Milton H. Erickson is a now legendary hypnosis master. He actually was a medical doctor, but medical doctors were not allowed to practice hypnosis back in his days. So he invented methods of “covert hypnosis”, also called “conversational hypnosis”.
He developed techniques that allowed him to put his hypnotic subjects into deep hypnotic trances, without them even realizing it. And he was truly masterful at this art of “secret hypnosis”.
However, Erickson also had very high ethical standards and never abused this powers over the mind. But he used these very effective hypnotic techniques to cure hundreds and hundreds of people from conditions that seemed incurable.
He also was a big influence on the development of Neurolinguistic Programming. Richard Bandler and John Grinder, the founders of NLP, credit Erickson for introducing them to hypnosis, which became a major part of NLP.
But Erickson was more than just an influential hypnotist and medical doctor – his personal life story is no less impressive.
He grew up on a farm in Wisconsin, but was both dyslexic and color blind. In his late teenage years, he suffered from polio and the doctors were already convinced that he’d die. Here’s a quote of his childhood memories:
Now, he later lost consciousness and remained unconscious for three days, but he didn’t die. However, when he woke up again, he was completely paralyzed.
I had polio, and I was totally paralyzed, and the inflammation was so great that I had a sensory paralysis too. I could move my eyes and my hearing was undisturbed. I got very lonesome lying in bed, unable to move anything except my eyeballs. I was quarantined on the farm with seven sisters, one brother, two parents, and a practical nurse. And how could I entertain myself? I started watching people and my environment. I soon learned that my sisters could say “no” when they meant “yes.” And they could say “yes” and mean “no” at the same time. They could offer another sister an apple and hold it back. And I began studying nonverbal language and body language. I had a baby sister who had begun to learn to creep. I would have to learn to stand up and walk. And you can imagine the intensity with which I watched as my baby sister grew from creeping to learning how to stand up.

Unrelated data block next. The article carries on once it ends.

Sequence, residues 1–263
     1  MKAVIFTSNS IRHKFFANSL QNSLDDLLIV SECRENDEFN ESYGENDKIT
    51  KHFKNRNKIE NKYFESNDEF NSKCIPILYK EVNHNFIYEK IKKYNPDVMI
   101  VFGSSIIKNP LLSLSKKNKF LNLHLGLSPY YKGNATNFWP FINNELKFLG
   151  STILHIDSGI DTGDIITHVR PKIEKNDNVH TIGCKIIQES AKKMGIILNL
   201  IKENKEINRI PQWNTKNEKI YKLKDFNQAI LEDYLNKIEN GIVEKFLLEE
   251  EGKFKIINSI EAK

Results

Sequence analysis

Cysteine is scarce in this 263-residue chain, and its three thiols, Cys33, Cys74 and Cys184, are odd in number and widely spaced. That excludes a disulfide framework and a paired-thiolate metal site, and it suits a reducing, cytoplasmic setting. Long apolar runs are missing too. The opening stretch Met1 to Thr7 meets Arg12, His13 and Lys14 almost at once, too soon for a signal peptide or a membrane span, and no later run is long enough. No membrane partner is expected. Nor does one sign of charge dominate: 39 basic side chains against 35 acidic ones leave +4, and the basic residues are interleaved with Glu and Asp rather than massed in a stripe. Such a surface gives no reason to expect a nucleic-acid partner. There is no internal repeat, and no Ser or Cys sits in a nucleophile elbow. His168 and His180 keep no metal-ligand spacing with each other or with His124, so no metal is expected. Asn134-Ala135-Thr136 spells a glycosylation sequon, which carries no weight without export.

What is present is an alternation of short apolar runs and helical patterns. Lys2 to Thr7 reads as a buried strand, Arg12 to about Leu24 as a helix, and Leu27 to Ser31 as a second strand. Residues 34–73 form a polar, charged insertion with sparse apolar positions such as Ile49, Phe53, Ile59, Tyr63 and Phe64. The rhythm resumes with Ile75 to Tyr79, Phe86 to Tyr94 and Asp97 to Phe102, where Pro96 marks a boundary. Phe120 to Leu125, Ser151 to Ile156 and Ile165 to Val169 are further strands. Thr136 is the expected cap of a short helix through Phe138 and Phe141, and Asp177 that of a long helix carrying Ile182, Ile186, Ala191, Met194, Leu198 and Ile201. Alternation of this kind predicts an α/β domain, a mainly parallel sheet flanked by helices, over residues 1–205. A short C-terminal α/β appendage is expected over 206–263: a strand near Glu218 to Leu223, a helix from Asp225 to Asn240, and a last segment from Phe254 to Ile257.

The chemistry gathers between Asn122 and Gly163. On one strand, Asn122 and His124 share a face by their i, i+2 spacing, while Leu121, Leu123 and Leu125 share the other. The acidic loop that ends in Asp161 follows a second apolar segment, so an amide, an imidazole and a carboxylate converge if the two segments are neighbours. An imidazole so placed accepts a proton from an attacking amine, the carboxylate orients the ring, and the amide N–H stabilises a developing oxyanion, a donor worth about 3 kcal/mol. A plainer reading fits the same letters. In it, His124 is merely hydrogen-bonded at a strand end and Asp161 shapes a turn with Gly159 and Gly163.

He “relearned” moving by watching his baby sister and his experiences are largely hypnotic experiences.
After recovering from polio, he started to travel like a vagabond, earning his food and a place to sleep by telling stories to fisherman. This was probably another very formative time for him, where he mastered the art of storytelling and captivating peoples attention.
Erickson treated all kinds of problems through hypnosis – from bedwetting kids, to alcoholics, to phobias, to paralysis, to addictions, to relationship problems and basically every psychological problem under the sun.
Below is a video of Milton putting a person in trance. It’s a very long video – 34 minutes long, and the sound and video quality is lousy – but it’s well worth studying if you want to learn more about how seemingly easy, simple and harmless this master hypnotists worked. Milton H. Erickson could basically smoke all those “covert hypnotists” that are out there today in a pipe, including Derren Brown. (that’s not to say that they aren’t great hypnotists – many of them are. But nobody has reached Milton’s level of skill so far).
Now, once you watched that video, here is another video – this one is even longer, almost an hour. However, you can still learn a lot from it. It’s done in a very “scholarly” manner, but there are some true hypnotic gold nuggests hidden in the boring talk.